Overnight – Moab
Moab to Monument Valley via Canyonlands National Park
Canyonlands National Park is a 40 minute drive from Moab via US 191 North, then 22 miles South on SR 313. The Islands in the Sky District is the easiest district to visit in a short period of time. (Visitor Center open 9am to 4pm). The 34 mile scenic roundtrip offers spectacular views from a paved scenic rode.
Here you must certainly stop at the Mesa Arch short loop trail….you will not be disappointed. Once again there are many stops and the map provided at the park entrance marks them all. 3-4 hours for this visit should be allowed.
Depart Canyonlands National Park via SR 313 North and US 191 South toward Monument Valley.
Overnight – Monument Valley
Full day seeing Monument Valley
Monument Valley, a red-sand desert region on the Arizona-Utah border, is known for the towering sandstone buttes. Monument Valley Navajo Tribal Park is located just off of US 161 (open daily from 6am to 8:30pm May-Sept). The park, made famous by western movies and John Wayne is one of the most photographed places in America. There are great views of the valley from the scenic drive along Hwy 163, but to get up close and personal you will need to visit the Monument Valley Tribal Park. You can tour parts of the park in your private car or take a Navajo lead tour to some of the more remote areas. If you decide to tour the valley on your own, please be advised that many roads are off limit to private cars and can only be toured with a Navajo guide since the Monument Valley is their traditional Tribal Park. Please respect their privacy at all times and never take a photograph without permission. If permission is granted, gratuity is expected for the photograph.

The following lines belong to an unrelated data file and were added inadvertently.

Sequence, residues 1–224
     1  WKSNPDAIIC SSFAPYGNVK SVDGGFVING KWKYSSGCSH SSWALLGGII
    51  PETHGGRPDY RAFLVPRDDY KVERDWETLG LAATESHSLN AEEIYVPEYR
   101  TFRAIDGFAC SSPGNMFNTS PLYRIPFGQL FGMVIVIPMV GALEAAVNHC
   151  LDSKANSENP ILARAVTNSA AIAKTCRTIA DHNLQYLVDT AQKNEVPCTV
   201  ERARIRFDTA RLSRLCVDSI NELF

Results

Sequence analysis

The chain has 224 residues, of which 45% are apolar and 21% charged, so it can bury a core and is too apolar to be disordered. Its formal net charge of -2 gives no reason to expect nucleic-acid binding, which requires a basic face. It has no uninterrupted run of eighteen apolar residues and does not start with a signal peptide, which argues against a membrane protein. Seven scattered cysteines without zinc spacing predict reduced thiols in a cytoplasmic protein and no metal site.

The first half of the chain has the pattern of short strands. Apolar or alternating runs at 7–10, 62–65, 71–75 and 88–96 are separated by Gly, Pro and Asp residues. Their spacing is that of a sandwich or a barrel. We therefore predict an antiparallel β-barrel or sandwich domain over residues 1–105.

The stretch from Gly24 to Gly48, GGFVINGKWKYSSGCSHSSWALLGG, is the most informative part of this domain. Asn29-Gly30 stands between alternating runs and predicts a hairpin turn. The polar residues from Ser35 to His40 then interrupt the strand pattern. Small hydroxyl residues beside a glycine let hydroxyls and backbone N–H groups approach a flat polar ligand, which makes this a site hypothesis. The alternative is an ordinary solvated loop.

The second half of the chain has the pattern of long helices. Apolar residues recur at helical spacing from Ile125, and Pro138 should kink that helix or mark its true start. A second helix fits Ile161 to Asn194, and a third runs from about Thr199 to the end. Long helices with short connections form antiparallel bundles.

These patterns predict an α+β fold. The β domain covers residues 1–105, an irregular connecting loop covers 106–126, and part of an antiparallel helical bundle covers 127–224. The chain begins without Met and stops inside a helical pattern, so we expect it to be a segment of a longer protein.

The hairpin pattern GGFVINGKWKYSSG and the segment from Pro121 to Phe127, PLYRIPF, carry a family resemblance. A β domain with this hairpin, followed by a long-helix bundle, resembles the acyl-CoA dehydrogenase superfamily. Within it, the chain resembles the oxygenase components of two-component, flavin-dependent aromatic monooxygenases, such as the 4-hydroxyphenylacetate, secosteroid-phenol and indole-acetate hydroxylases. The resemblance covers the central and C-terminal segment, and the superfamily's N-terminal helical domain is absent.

Overnight – Monument Valley
Monument Valley to Page
On the way to beautiful Lake Powell we recommend a stop at the Navajo National Monument (US 160 to SR 564), which preserves three of the most-intact cliff dwellings of the Anasazi.
The sparkling blue waters of Lake Powell are magnificently framed by towering rock formations and soaring red cliffs which surround the area for as far as the eye can see. The red rock desert surrounding Page and Lake Powell is truly magnificent and a photographer’s paradise.
Page, a small town in northern Arizona sits on a hill overlooking beautiful Lake Powell offering spectacular views of the lake and the surrounding desert. This friendly community offers visitors outstanding recreation opportunities and services. The location is ideal for exploring many of the American Southwest’s renowned national parks and monuments, and discovering the unique culture of the Navajo Nation.
Overnight – Page